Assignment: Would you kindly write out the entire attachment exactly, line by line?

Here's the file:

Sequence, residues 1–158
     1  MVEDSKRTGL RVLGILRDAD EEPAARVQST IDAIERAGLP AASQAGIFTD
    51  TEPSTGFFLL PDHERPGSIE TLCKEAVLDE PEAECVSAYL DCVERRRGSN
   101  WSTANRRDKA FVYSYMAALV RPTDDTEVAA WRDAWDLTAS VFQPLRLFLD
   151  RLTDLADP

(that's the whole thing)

Sequence, residues 1–158
     1  MVEDSKRTGL RVLGILRDAD EEPAARVQST IDAIERAGLP AASQAGIFTD
    51  TEPSTGFFLL PDHERPGSIE TLCKEAVLDE PEAECVSAYL DCVERRRGSN
   101  WSTANRRDKA FVYSYMAALV RPTDDTEVAA WRDAWDLTAS VFQPLRLFLD
   151  RLTDLADP